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Thread: rule of thumb

  1. #11

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    Thanks Ian, I'll have a look, but with Parodinal being fairly easy for me to make I was thinking of trying it out, those dilutions will be my starting point. Thanks!

  2. #12
    RalphLambrecht's Avatar
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    Quote Originally Posted by RidingWaves View Post
    Thanks Ian, I'll have a look, but with Parodinal being fairly easy for me to make I was thinking of trying it out, those dilutions will be my starting point. Thanks!
    can you post a formuls for parodinal? i couldn't find one.
    Regards

    Ralph W. Lambrecht
    www.darkroomagic.comrorrlambrec@ymail.com[/URL]
    www.waybeyondmonochrome.com

  3. #13
    dmb
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    http://www.digitaltruth.com/data/parodinal.php - Acetaminophen (better known as paracetamol or tylenol)

  4. #14
    Ken Nadvornick's Avatar
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    I have never been able to get that sulfite ratio of 200 grams/liter to come even close to dissolving completely, even at elevated temperatures. Cutting that ratio in half (25 grams/250 ml) has always seemed to work out much better.

    Had a small (thin plastic) drinking water bottle holding an older batch. Let it sit for about a year - maybe - just to see what would happen over time. The hydroxide finally ate a hole in the side. Dripped solution, which immediately turned blackish, all over everything. What a huge mess. I shoulda' known better...



    Ken
    "They are the proof that something was there and no longer is. Like a stain. And the stillness of them is boggling. You can turn away but when you come back they’ll still be there looking at you."

    — Diane Arbus, March 15, 1971, in response to a request for a brief statement about photographs

  5. #15
    Ian Grant's Avatar
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    Quote Originally Posted by Ken Nadvornick View Post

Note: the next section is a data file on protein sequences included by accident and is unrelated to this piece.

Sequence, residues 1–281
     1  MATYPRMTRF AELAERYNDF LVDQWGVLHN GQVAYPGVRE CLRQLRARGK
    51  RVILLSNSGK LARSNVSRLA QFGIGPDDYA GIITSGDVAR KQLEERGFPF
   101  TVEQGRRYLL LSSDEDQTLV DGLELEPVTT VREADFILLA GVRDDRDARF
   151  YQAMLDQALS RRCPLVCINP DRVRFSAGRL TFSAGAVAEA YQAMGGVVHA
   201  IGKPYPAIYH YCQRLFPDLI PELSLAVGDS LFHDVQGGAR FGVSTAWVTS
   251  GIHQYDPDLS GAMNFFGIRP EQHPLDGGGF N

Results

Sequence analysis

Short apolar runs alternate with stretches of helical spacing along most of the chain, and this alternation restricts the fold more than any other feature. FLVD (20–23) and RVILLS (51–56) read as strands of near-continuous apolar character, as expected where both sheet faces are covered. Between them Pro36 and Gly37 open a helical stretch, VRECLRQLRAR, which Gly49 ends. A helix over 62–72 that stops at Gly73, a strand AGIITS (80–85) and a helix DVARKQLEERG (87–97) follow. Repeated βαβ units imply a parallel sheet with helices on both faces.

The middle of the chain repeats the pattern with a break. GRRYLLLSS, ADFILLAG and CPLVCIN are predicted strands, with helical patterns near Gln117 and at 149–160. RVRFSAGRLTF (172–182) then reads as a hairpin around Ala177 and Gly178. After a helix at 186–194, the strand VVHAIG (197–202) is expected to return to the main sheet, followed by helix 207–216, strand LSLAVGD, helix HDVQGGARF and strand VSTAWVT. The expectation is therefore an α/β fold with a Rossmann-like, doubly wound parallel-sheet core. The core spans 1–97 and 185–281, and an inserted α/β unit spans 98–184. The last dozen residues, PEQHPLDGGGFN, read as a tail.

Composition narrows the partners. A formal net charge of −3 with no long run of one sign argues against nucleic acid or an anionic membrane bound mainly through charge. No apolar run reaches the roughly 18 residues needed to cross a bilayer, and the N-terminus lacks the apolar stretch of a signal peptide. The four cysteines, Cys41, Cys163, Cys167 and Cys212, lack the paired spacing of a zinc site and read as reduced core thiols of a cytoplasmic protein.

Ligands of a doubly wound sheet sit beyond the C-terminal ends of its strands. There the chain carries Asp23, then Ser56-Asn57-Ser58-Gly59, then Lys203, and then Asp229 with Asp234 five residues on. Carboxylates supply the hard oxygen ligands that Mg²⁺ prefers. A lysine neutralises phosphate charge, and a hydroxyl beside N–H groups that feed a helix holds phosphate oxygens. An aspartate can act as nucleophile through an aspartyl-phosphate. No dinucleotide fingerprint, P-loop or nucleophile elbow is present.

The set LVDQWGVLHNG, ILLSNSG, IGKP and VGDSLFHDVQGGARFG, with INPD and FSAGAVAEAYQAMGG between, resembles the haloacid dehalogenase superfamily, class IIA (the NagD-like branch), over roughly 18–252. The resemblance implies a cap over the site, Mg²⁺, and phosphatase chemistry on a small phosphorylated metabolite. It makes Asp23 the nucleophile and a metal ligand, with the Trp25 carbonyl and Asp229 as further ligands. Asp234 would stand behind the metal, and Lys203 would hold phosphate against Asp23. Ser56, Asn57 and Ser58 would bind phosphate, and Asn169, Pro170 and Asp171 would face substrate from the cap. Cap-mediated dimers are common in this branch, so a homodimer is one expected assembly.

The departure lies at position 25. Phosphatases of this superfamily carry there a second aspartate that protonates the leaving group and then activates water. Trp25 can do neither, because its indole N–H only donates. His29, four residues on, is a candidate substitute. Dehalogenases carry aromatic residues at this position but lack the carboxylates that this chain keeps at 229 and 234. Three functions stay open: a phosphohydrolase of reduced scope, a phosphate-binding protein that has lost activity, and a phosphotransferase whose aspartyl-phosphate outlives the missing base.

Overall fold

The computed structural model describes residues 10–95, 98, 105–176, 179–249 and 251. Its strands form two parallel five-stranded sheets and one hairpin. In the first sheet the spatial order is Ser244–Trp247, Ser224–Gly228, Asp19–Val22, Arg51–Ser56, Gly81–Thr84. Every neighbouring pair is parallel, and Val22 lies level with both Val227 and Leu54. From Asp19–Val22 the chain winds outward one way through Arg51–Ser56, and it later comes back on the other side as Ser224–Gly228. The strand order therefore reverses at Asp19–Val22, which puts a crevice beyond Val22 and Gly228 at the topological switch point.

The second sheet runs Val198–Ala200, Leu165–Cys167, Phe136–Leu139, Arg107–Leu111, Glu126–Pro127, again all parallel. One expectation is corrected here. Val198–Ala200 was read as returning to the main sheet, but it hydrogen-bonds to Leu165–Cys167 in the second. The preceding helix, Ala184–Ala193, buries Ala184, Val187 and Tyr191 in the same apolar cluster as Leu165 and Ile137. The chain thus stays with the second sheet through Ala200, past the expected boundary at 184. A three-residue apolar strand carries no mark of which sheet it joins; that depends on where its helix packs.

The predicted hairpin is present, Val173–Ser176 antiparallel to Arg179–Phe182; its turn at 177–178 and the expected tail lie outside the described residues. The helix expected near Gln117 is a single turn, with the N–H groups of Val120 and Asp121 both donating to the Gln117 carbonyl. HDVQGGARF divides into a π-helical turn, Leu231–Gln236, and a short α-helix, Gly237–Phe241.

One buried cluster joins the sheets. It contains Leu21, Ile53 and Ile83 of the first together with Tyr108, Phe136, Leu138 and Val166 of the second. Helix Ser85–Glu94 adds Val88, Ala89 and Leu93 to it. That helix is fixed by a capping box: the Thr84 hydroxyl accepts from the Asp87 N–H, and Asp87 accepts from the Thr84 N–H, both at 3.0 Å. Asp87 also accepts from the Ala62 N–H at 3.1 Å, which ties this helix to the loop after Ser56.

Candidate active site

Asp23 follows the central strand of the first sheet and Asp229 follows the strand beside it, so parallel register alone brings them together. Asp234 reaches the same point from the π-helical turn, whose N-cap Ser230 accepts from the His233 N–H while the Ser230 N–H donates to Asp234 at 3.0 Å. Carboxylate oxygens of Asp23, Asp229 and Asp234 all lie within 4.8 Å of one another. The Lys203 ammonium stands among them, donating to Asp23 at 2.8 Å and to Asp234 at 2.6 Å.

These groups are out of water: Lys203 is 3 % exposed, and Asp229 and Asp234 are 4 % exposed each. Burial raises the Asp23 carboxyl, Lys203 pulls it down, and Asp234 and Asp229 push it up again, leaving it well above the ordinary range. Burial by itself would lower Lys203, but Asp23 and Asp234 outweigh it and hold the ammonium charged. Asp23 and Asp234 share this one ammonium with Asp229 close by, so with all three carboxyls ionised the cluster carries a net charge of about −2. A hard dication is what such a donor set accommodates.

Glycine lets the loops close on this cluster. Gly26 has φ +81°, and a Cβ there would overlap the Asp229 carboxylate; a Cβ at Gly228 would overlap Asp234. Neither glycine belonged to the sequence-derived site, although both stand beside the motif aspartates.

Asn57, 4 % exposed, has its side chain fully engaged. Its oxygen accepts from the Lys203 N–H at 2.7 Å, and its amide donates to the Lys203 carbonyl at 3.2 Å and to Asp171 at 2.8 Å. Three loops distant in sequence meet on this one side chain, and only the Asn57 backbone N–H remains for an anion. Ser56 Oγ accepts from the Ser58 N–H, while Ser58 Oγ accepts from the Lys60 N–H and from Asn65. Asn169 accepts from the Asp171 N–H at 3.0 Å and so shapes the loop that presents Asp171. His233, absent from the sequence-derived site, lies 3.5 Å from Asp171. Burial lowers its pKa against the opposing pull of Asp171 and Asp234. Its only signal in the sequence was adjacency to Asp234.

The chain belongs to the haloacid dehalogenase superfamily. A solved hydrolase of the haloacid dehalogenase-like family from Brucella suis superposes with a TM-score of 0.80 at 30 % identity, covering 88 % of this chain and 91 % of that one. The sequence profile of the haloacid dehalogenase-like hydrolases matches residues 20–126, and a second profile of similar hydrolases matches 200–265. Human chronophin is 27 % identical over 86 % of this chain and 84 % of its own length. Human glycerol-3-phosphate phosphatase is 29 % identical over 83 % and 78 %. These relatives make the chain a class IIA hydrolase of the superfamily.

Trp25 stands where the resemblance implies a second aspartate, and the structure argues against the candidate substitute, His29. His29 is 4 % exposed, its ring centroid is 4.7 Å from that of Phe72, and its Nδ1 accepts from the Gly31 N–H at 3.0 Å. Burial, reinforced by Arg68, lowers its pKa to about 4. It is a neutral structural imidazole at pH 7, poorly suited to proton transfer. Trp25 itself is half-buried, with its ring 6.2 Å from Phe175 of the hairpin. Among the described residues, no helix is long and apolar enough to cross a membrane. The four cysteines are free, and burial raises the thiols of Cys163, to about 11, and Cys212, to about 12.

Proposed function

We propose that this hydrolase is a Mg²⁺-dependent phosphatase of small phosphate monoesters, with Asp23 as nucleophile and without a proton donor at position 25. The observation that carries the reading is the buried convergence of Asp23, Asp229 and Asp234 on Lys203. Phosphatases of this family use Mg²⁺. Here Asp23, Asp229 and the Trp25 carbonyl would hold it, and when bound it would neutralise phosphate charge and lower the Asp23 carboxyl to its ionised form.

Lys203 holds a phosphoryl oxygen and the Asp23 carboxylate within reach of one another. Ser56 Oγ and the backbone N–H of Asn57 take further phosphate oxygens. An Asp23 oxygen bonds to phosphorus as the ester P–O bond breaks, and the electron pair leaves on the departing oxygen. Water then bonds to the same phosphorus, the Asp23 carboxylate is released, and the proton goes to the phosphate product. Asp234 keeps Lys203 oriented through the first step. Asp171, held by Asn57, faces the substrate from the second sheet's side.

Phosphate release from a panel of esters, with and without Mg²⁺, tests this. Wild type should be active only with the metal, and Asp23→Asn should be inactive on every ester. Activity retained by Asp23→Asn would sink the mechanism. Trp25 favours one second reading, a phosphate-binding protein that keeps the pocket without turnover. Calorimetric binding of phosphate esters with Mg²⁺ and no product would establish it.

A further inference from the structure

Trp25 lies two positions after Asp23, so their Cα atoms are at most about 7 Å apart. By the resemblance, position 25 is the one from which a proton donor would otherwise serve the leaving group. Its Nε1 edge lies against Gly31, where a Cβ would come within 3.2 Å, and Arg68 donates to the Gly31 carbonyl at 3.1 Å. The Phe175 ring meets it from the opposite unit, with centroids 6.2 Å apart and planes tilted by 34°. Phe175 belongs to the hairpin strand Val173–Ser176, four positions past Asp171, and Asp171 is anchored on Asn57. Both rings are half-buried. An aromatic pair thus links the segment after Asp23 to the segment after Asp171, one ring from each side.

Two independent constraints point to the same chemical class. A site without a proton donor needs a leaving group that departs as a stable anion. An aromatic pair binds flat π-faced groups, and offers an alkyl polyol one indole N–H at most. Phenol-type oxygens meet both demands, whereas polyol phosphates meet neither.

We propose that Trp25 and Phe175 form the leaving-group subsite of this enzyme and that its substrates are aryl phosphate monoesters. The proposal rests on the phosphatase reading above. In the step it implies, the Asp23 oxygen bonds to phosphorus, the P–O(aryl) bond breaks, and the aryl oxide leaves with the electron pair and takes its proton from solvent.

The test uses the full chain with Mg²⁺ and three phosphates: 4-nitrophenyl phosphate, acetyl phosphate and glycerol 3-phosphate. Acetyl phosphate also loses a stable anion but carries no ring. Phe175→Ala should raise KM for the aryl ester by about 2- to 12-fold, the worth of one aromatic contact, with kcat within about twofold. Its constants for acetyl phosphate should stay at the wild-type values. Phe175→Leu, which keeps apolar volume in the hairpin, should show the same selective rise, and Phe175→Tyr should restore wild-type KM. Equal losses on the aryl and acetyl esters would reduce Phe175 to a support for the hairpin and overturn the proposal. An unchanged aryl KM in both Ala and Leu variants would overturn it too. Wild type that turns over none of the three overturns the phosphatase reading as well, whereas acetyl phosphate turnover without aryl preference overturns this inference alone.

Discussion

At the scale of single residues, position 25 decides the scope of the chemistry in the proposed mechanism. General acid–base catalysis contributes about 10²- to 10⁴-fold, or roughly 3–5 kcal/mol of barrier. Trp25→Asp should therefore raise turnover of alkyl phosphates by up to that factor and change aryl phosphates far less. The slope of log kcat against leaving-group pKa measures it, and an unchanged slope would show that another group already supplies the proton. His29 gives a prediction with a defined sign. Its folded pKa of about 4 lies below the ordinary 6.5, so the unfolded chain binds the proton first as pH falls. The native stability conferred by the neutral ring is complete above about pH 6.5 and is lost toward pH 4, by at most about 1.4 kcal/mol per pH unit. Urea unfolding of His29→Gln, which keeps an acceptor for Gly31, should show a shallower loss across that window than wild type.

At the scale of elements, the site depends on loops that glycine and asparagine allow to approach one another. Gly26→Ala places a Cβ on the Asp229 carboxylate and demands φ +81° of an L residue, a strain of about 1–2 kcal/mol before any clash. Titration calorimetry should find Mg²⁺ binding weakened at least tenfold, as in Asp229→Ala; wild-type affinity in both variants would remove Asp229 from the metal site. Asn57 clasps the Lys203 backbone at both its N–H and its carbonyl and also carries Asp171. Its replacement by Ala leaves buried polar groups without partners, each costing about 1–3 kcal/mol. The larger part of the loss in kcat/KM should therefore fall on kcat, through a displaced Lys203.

I have never been able to get that sulfite ratio of 200 grams/liter to come even close to dissolving completely, even at elevated temperatures. Cutting that ratio in half (25 grams/250 ml) has always seemed to work out much better.

    Had a small (thin plastic) drinking water bottle holding an older batch. Let it sit for about a year - maybe - just to see what would happen over time. The hydroxide finally ate a hole in the side. Dripped solution, which immediately turned blackish, all over everything. What a huge mess. I shoulda' known better...



    Ken
    Concentrated solutions of Sulphite are best made from Sodium or Potassium Metabisulphite and Hydroxide.

    Ian

  6. #16
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    Sodium sulfite
    From Wikipedia, the free encyclopedia
    Sodium sulfite


    anhydrous

    hydrate
    IUPAC name[hide]
    Sodium sulfite
    Other names[hide]
    Hypo clear (photography)
    E221
    Identifiers
    CAS number 7757-83-7
    PubChem 24437
    ChemSpider 22845
    UNII VTK01UQK3G
    RTECS number WE2150000
    Jmol-3D images Image 1
    SMILES
    [show]
    InChI
    [show]
    Properties
    Molecular formula Na2SO3
    Molar mass 126.043 g/mol
    Appearance white solid
    Density 2.633 g/cm3 (anhydrous)
    1.561 g/cm3 (heptahydrate)
    Melting point
    33.4 °C (dehydration of heptahydrate)
    500 °C (anhydrous)
    Boiling point
    Decomposes(separate (substances) into constituent elements)
    Solubility in water 678 g/L (18 °C, heptahydrate)
    according to wikepedia, the solubility of sodium sulfite in 18cwater is above 600g/l
    Sodium sulfite
    From Wikipedia, the free encyclopedia
    Sodium sulfite


    anhydrous

    hydrate
    IUPAC name[hide]
    Sodium sulfite
    Other names[hide]
    Hypo clear (photography)
    E221
    Identifiers
    CAS number 7757-83-7
    PubChem 24437
    ChemSpider 22845
    UNII VTK01UQK3G
    RTECS number WE2150000
    Jmol-3D images Image 1
    SMILES
    [show]
    InChI
    [show]
    Properties
    Molecular formula Na2SO3
    Molar mass 126.043 g/mol
    Appearance white solid
    Density 2.633 g/cm3 (anhydrous)
    1.561 g/cm3 (heptahydrate)
    Melting point
    33.4 °C (dehydration of heptahydrate)
    500 °C (anhydrous)
    Boiling point
    Decomposes(separate (substances) into constituent elements)
    Solubility in water 678 g/L (18 °C, heptahydrate)
    Regards

    Ralph W. Lambrecht
    www.darkroomagic.comrorrlambrec@ymail.com[/URL]
    www.waybeyondmonochrome.com

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